Monday, May 30, 2016

Can Women Defend Themselves?

My second book develops a theory on our evolved survival mechanism and the survival process based on the integration of fight-or-flight, stress, and emotion theory (among others). The chapter I'm currently working on is using the theory I have developed in order to better understand women's self-defence teachings and improve thereon. The issue I'd briefly like to look at in this post is the question, can women defend themselves?

To cut a long story short I'll refer to Professor Jocelyn Hollander's article, ‘Challenging Despair: Teaching About Women’s Resistance to Violence’.
For example, women successfully resist at least 75% of all attempted sexual assaults (Bart&O’Brien, 1985; Gordon & Riger, 1989; Ullman 1997); in other words, they escape, they stop the violence, and they protect themselves as much as possible. Rozee and Koss (2001) note that attempted rapes are in fact instances of successful rape avoidance; sadly, these stories are rarely reported in the media (Riger & Gordon, 1981), which focus on sensational cases of extreme violence. ... On the individual level, in other words, there is considerable evidence that many women resist violence, and they do so successfully.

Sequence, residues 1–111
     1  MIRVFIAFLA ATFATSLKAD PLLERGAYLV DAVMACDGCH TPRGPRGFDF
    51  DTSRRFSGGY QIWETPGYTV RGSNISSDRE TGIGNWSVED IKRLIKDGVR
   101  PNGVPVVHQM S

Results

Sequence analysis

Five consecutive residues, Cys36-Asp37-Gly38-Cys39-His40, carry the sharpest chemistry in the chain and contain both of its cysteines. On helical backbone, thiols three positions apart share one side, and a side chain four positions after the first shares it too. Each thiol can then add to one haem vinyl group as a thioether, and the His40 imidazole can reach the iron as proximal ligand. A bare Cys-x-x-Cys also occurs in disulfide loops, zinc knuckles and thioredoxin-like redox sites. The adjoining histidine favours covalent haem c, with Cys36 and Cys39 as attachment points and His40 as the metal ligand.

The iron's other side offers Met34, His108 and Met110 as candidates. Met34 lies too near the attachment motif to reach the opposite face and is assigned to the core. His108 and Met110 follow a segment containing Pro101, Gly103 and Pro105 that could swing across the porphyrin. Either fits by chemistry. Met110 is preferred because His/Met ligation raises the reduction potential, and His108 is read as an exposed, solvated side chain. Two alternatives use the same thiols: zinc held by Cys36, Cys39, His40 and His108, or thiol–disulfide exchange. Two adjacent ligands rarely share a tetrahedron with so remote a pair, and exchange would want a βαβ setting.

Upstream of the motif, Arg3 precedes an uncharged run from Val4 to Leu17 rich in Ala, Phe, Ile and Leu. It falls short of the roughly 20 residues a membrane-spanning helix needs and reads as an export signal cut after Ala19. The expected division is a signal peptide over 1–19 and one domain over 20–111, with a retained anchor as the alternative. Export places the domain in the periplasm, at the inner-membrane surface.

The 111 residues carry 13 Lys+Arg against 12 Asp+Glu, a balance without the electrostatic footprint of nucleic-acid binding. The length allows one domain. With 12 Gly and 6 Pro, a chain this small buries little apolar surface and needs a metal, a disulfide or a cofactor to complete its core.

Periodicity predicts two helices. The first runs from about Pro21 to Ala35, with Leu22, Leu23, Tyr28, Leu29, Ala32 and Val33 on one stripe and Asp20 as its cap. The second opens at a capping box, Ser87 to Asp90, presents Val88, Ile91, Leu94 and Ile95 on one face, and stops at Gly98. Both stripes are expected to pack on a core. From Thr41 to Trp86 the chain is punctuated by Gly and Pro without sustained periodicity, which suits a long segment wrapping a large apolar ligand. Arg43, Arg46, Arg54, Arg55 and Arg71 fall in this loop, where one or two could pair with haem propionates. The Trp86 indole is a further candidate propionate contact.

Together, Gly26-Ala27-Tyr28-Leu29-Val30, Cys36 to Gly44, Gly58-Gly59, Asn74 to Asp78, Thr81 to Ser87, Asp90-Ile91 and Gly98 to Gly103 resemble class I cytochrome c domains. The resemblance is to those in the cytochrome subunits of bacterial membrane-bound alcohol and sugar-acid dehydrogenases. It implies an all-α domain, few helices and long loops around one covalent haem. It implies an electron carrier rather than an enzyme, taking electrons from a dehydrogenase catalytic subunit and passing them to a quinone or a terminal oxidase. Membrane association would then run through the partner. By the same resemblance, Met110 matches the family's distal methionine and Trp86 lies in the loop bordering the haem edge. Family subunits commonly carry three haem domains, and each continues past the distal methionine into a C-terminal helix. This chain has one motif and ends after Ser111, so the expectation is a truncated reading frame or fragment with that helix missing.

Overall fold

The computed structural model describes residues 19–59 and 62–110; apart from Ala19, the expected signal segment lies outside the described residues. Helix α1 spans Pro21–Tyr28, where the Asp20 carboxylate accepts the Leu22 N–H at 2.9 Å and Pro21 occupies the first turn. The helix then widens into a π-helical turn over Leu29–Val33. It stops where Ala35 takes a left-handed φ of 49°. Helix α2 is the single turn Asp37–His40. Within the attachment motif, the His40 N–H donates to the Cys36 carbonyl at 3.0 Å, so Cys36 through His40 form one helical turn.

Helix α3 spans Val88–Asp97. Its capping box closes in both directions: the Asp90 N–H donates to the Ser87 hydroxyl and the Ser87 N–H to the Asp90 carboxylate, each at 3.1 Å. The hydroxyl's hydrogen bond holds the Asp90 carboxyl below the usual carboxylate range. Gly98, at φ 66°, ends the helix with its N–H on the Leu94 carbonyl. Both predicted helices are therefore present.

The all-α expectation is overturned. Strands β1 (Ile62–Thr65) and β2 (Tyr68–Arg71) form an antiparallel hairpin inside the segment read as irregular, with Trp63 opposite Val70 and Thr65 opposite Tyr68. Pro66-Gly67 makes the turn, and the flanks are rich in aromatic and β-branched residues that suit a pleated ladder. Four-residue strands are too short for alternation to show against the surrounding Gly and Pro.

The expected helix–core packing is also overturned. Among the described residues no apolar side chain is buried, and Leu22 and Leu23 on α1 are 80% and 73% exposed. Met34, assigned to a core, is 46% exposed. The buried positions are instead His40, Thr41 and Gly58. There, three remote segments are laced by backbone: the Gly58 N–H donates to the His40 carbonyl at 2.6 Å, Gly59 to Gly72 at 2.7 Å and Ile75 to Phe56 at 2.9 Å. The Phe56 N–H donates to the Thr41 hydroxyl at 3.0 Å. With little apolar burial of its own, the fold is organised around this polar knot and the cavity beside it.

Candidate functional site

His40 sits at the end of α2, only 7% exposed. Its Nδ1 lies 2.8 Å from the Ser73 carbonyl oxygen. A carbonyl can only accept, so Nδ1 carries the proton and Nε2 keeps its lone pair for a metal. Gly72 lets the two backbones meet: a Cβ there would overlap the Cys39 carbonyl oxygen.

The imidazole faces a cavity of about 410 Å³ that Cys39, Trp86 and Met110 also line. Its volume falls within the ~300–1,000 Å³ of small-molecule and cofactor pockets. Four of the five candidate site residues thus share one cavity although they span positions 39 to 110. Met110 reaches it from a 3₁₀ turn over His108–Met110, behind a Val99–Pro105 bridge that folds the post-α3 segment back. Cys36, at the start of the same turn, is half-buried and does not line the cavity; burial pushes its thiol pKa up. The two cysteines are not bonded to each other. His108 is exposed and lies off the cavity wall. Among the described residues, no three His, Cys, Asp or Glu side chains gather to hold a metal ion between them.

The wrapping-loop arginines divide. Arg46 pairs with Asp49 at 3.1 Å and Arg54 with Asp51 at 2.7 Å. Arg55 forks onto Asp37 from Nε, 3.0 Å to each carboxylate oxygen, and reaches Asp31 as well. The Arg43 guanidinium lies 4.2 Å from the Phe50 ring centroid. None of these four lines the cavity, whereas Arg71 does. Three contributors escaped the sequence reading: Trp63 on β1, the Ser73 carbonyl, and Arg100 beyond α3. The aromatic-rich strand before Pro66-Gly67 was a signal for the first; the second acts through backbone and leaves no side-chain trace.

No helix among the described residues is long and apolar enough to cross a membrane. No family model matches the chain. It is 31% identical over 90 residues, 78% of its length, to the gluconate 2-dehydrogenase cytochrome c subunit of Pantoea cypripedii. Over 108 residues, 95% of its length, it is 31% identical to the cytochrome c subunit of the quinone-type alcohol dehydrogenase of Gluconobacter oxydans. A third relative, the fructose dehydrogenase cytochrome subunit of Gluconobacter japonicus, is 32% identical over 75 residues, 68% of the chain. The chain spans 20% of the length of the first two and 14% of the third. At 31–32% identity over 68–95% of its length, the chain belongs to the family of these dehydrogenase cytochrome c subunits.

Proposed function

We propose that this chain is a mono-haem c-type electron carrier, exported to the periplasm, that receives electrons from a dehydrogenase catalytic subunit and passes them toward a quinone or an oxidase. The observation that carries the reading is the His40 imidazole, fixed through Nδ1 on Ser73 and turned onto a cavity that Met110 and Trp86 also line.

Of course women can defend themselves against men's violence. Nature didn't leave them unprotected in a potentially dangerous world. Nature developed a highly sophisticated and comprehensive survival mechanism over millions of years which has proved extremely effective over that time period, as the studies and statistics above attest.

What is of more interest is, women can and do defend themselves against men's violence without the aid of any women's self-defence training nor the aid of a man (as the cultural cliche of a damsel in distress being rescued by a man suggests). This fact, as Hollander explains, is mostly ignored by all those interested in violence against women and the prevention thereof.

Stay tuned.

1 comment:

  1. Looking forward to reading the rest John. Interesting perspective in terms of attempted sexual assault being successful defence as opposed to a failed attack. Puts emphasis on what the victims/survivors are doing well.


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